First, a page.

A new study suggests that the success of a vaccine against cervical cancer means it could be eliminated within 30 years.
Researchers in Scotland say the routine HPV vaccination of girls aged 12 to 13 has caused a dramatic reduction in cancer rates, almost wiping out all cases of cervical pre-cancer in young women.
They believe that its success, if duplicated on a global scale, could mean the end of cervical cancer altogether.
Girls around the UK are given the HPV vaccine to protect them against the cancer-causing HPV virus.
Scotland introduced its national HPV immunisation programme for girls aged 12 to 13 in 2008.
Researchers have analysed vaccination and screening records from the last 10 years to compare cancer rates between women who were vaccinated and those who were not, and have found that the start of routine vaccination prompted a reduction of up to 89% in the presence of pre-cancerous cells.
Age was found to be a factor, with figures suggesting that a vaccine given at the age of 12 was almost twice as effective as a vaccination at the age of 17.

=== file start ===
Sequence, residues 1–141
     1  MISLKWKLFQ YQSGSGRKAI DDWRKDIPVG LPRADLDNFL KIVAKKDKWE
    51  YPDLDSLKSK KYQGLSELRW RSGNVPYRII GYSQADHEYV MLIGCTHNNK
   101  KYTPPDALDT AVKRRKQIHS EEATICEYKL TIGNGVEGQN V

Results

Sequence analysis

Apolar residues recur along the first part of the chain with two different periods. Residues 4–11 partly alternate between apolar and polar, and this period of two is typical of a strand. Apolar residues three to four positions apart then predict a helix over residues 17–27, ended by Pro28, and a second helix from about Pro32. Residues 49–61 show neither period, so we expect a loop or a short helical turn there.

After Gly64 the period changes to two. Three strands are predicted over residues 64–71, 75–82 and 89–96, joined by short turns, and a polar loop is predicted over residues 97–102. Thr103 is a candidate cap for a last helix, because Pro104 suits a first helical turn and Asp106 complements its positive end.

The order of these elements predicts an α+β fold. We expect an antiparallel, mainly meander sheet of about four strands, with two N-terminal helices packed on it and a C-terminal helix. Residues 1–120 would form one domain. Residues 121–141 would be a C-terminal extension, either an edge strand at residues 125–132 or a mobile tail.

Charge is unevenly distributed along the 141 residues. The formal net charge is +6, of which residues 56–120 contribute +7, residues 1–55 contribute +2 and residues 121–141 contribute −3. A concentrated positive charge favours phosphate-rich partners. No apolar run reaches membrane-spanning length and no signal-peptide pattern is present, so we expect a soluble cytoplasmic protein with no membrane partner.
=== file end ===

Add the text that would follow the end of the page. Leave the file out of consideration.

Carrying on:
Researchers also discovered that women who were not vaccinated seemed to benefit from others being given the vaccine, as the less HPV infection there is in the general population, the less it is spread.
Dr Kevin Pollock, senior research fellow at Glasgow Caledonian University, told Sky News: “It’s very significant.
“We know that, among women, the cervical screening uptake has been decreasing, so this primary prevention method has been shown to actually reduce cervical disease quite considerably – nearly eliminating it in women under 25.
“That’s a great success story because it will mean a reduction in cervical cancer in the next few years.”
The vaccine used has been designed to target two high-risk types of HPV virus – types 16 and 18. They are responsible for around 80% of cervical cancers.
Researchers have discovered that the vaccine has also protected against another three types of the HPV virus, which together with types 16 and 18 cause around 90% of cervical cancer in the UK.
Dr Pollock added: “The vaccine has exceeded expectation.
“I think what we’re looking at is, probably within 20 to 30 years, the possible elimination of cervical cancer – and that’s a great news story.”